Race has less to do with actual differences and more to do with perceived differences, such as skin color. Its definition and boundaries are not absolute. There was a time in America when Italians and Jews werent considered white by the U.S. government as they now are — evidence that race is nothing more than an arbitrarily assigned category.

But the real question is why societies insist on grouping people by race rather than nationality, region or tribe. Why, when there exists a seemingly infinitive variety of skin tones, do they prefer to reference unyielding colors?

Because race divides us. It puts millions of genetically unique individuals into broad groups and positions them against one another. Black vs. white, yellow vs. brown, logic vs. illogic.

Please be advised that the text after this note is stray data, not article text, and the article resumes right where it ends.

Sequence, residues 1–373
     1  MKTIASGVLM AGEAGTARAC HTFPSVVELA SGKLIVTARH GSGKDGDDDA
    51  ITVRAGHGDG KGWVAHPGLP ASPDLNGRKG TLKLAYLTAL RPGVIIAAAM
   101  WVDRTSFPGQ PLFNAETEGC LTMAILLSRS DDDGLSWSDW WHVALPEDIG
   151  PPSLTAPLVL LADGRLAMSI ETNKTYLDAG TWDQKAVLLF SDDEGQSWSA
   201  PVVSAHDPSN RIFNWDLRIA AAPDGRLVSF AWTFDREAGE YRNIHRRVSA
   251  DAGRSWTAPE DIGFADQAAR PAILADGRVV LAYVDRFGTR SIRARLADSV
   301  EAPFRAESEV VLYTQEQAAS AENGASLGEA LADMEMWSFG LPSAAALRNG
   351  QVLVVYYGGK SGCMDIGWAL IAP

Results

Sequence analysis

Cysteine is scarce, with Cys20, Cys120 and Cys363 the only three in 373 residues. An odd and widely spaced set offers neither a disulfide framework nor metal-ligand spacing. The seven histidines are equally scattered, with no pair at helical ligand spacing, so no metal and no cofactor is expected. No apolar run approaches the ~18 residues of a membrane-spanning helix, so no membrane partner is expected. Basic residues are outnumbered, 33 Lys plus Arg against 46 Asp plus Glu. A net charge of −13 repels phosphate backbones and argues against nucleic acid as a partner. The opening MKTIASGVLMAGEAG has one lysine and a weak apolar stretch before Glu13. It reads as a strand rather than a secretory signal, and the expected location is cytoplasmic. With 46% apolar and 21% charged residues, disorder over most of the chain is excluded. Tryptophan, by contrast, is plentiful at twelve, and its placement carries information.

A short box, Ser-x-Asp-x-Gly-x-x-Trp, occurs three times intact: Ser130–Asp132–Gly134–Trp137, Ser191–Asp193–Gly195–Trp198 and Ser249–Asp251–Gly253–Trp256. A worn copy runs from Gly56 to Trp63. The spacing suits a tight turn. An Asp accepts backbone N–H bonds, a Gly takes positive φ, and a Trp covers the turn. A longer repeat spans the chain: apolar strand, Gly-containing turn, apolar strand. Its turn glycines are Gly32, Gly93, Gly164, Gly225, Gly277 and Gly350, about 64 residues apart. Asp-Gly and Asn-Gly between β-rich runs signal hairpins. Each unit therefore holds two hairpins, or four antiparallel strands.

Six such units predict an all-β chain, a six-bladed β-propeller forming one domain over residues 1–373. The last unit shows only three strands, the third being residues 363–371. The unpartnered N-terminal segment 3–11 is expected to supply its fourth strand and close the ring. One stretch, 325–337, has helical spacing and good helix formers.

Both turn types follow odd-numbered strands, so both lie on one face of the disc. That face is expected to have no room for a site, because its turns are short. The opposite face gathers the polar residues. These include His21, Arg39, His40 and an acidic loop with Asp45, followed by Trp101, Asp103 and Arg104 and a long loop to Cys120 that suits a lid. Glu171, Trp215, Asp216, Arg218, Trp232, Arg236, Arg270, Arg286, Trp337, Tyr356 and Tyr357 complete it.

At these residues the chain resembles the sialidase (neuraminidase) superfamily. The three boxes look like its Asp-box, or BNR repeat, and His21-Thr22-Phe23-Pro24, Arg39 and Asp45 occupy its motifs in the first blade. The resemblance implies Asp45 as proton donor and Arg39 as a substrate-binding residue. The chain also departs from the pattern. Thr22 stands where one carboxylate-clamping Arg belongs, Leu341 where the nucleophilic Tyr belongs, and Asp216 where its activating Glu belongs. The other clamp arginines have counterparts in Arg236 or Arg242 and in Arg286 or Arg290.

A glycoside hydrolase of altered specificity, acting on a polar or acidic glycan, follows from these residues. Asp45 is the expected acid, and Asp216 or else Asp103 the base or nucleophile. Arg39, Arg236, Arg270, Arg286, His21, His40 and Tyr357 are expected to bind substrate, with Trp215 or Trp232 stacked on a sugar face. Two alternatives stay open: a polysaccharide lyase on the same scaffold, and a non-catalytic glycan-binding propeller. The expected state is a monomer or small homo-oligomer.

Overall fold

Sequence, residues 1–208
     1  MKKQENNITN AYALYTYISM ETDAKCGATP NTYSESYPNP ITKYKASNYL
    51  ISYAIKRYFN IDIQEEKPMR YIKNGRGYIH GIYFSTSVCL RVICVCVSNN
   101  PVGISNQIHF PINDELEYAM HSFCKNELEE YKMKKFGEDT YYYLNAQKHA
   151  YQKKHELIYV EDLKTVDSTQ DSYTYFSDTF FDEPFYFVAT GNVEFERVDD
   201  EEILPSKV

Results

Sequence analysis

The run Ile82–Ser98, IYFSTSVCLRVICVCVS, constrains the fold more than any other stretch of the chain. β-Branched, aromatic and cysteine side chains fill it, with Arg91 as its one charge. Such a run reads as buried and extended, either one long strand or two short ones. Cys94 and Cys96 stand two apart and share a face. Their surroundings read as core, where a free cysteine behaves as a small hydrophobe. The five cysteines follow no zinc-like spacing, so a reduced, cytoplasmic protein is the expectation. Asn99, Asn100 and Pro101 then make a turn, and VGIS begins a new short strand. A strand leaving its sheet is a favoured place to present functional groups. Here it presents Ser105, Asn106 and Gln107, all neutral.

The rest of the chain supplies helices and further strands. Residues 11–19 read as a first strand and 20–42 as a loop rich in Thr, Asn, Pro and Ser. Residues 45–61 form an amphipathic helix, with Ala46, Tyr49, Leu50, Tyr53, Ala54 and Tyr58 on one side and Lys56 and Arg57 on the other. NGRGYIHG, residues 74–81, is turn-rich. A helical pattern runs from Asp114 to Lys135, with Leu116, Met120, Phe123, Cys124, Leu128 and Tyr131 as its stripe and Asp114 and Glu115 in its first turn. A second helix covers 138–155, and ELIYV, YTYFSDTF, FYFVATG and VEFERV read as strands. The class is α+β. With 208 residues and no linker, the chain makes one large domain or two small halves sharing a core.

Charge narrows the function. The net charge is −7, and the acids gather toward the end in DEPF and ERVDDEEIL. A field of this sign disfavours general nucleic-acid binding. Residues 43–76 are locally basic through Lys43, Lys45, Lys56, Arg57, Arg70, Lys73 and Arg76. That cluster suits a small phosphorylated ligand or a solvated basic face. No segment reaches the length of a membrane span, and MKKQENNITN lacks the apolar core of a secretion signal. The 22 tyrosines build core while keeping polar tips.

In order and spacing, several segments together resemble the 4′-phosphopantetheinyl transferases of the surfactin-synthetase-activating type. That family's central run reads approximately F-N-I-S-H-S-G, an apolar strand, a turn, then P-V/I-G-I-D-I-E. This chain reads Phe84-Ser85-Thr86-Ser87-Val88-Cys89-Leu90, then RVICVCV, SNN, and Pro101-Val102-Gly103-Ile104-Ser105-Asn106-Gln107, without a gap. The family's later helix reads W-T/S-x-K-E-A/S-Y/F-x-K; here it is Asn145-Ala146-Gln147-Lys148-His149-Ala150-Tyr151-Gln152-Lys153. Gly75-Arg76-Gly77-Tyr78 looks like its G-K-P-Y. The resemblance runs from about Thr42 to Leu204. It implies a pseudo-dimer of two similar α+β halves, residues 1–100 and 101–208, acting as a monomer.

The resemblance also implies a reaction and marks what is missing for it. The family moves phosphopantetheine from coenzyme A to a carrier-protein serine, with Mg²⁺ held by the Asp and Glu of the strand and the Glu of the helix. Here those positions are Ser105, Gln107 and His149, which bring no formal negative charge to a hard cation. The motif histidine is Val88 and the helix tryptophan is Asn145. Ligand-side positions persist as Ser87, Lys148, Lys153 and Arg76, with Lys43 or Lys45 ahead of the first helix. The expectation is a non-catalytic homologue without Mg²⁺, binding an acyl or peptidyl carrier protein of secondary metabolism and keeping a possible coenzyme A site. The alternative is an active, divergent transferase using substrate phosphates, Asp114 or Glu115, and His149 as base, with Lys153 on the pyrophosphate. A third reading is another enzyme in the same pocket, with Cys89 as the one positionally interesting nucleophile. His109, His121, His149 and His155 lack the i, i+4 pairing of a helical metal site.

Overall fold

In actuality, there is such a thing as race. But it is singular, not plural. It is the race of all persons: the human race.

VIDEO: Time Wise, author of White Like Me, discusses the newness of the concept of race and how it has been used in America to divide and conquer. 

Open immigration; a win-win situation?

In foreign policy, racism on November 22, 2009 at 10:59 pm

People are indeed the essential of commerce, and the more people the more trade; the more trade, the more money; the more money, the more strength; and the more strength, the greater the nationAll temporal felicities, I mean national, spring from the number of people. — Daniel Defoe